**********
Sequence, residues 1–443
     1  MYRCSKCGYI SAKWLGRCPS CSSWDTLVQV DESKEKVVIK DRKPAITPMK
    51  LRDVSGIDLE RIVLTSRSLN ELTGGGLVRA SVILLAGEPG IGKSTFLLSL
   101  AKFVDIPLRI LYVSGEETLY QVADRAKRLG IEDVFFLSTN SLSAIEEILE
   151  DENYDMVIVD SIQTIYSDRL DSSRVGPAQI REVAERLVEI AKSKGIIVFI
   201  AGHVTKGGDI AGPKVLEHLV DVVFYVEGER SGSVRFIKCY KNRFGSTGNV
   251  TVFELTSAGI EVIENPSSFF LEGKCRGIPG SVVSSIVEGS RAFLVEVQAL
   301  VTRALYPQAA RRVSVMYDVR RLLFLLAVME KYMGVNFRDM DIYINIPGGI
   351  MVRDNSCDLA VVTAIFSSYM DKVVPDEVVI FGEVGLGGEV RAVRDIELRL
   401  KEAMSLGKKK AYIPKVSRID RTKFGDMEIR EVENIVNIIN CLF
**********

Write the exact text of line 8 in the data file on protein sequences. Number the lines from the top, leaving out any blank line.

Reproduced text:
   301  VTRALYPQAA RRVSVMYDVR RLLFLLAVME KYMGVNFRDM DIYINIPGGI